Two competing plans to provide aid to Nicaraguan rebels were made public yesterday after days of negotiations between the House Republican leadership and moderate and conservative House Democrats failed to produce agreement on a common approach.

The plans, one backed by the GOP leadership and the White House and the other by a Democratic group headed by Rep. Dave McCurdy (Okla.), are to be considered by the House next week in the third and possibly decisive test of President Reagan's Central America policy.

In two House showdowns earlier this year, the administration failed to win approval of Reagan's proposal to provide $70 million in military aid and $30 million in nonlethal "humanitarian" assistance to the counterrevolutionaries known as contras.

Negotiations between House Minority Leader Robert H. Michel (R-Ill.) and a key group of swing lawmakers headed by McCurdy collapsed over whether a second congressional vote should be scheduled later this year before the bulk of the military aid is released.

The deadlock appeared to leave the White House facing an uphill struggle to gain House passage of the president's aid package.

The administration wants the full $100 million made available immediately, while McCurdy and other Democrats who support contra assistance insist that more time be allowed for negotiations on the contras' conflict with Nicaragua's leftist Sandinista government.

If negotiations failed, Congress would vote again in October on release of most of the $70 million in military aid, under the McCurdy plan.

Michel, accompanied by Reps. Buddy Roemer (D-La.), Mickey Edwards (R-Okla.) and Richard B. Ray (D-Ga.), met yesterday with national security affairs adviser John M. Poindexter. An aide to Michel said Poindexter expressed administration support for the House Republican alternative.

The GOP plan calls for immediate release of $40 million, including about $28 million in military aid that could not be used to acquire "heavy weapons." A $20 million installment would be given the contras Oct. 15 and $40 million, including funds for heavy weapons, next Feb. 15.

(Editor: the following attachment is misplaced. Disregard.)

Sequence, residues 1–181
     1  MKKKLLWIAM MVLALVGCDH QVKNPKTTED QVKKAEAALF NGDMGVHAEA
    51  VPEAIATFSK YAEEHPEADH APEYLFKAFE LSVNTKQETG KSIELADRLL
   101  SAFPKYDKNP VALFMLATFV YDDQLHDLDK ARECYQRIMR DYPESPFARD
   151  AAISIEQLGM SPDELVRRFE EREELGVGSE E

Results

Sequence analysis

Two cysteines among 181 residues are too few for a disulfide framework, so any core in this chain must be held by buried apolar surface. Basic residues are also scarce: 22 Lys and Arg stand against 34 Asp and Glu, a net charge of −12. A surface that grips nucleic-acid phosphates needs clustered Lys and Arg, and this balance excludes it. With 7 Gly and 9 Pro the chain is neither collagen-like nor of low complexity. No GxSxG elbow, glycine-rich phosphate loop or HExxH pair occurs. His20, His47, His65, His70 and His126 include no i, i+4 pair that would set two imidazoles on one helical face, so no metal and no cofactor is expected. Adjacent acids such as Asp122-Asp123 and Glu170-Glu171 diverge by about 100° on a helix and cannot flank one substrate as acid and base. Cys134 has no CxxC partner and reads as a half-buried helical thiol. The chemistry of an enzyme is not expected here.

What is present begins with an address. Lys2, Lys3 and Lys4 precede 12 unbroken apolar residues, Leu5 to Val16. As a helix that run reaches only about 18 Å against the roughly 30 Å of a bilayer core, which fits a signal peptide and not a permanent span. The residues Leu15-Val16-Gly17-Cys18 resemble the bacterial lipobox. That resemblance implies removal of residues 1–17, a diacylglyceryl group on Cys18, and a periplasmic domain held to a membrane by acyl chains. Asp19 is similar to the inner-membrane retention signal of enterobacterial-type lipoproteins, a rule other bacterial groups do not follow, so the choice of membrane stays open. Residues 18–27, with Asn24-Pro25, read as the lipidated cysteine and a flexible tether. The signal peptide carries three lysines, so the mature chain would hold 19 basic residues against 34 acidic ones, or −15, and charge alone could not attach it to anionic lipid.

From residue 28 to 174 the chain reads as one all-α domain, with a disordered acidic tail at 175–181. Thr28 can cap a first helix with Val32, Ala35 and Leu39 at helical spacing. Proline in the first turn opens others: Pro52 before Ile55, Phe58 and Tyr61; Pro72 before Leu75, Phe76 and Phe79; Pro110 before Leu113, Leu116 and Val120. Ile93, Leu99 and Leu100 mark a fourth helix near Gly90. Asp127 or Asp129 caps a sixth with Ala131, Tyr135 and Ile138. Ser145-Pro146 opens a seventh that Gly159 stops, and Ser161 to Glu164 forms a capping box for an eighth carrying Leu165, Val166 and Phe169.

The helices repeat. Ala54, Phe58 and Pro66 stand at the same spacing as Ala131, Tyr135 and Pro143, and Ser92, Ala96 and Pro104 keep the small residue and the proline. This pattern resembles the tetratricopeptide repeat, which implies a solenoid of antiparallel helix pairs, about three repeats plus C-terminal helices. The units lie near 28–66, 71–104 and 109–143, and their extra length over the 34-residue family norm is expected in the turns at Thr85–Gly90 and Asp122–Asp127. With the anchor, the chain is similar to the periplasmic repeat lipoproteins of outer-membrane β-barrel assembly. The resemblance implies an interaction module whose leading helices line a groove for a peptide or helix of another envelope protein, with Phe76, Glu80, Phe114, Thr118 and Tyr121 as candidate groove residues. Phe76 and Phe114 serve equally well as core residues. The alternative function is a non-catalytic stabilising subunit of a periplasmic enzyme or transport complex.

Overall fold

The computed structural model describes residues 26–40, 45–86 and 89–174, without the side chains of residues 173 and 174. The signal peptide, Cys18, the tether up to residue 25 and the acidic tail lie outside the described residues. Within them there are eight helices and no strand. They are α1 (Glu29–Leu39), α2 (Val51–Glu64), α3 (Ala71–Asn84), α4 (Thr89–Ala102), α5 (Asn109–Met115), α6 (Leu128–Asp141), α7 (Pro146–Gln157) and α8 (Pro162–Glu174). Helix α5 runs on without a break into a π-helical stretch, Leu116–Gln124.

Congress could block the final payment with a disapproval resolution subject to a veto by Reagan.

The McCurdy plan would make $30 million available on enactment but limit military assistance to funds needed for training. If peace negotiations failed, Congress could vote to release the remaining funds on or after Oct. 1, immediately providing $25 million, then three installments of $15 million every 90 days.

Both plans would provide additional economic assistance to Nicaragua's immediate neighbors -- Guatemala, El Salvador, Honduras and Costa Rica. The Republican proposal calls for $300 million and the McCurdy plan $325 million in economic aid.

McCurdy also reached agreement with the House Democratic leadership to have his proposal incorporated into an $11 billion military construction appropriations bill scheduled for consideration Wednesday.

This tactic, if approved by the full House, would improve chances that the McCurdy plan will clear the House and be sent to the Senate.

The GOP contra-aid package and a liberal Democratic proposal that would provide only funds for refugee relief are expected to be offered as floor amendments in place of the McCurdy proposal.

In an interview yesterday, Alfonso Robelo, a top leader of the United Nicaraguan Opposition (UNO), said the second-vote provision of the McCurdy proposal is "an absolute disaster for us" because troops inside Nicaragua lack ammunition and other supplies and would have to withdraw into Honduras before the vote.

Meanwhile, the Sandinista government scheduled a news conference in Managua today amid reports that it will announce willingness to sign the Contadora plan for a regional peace agreement. Nicaragua's Democratic neighbors have expressed concern about the current Contadora draft.

Staff writer Joanne Omang contributed to this report.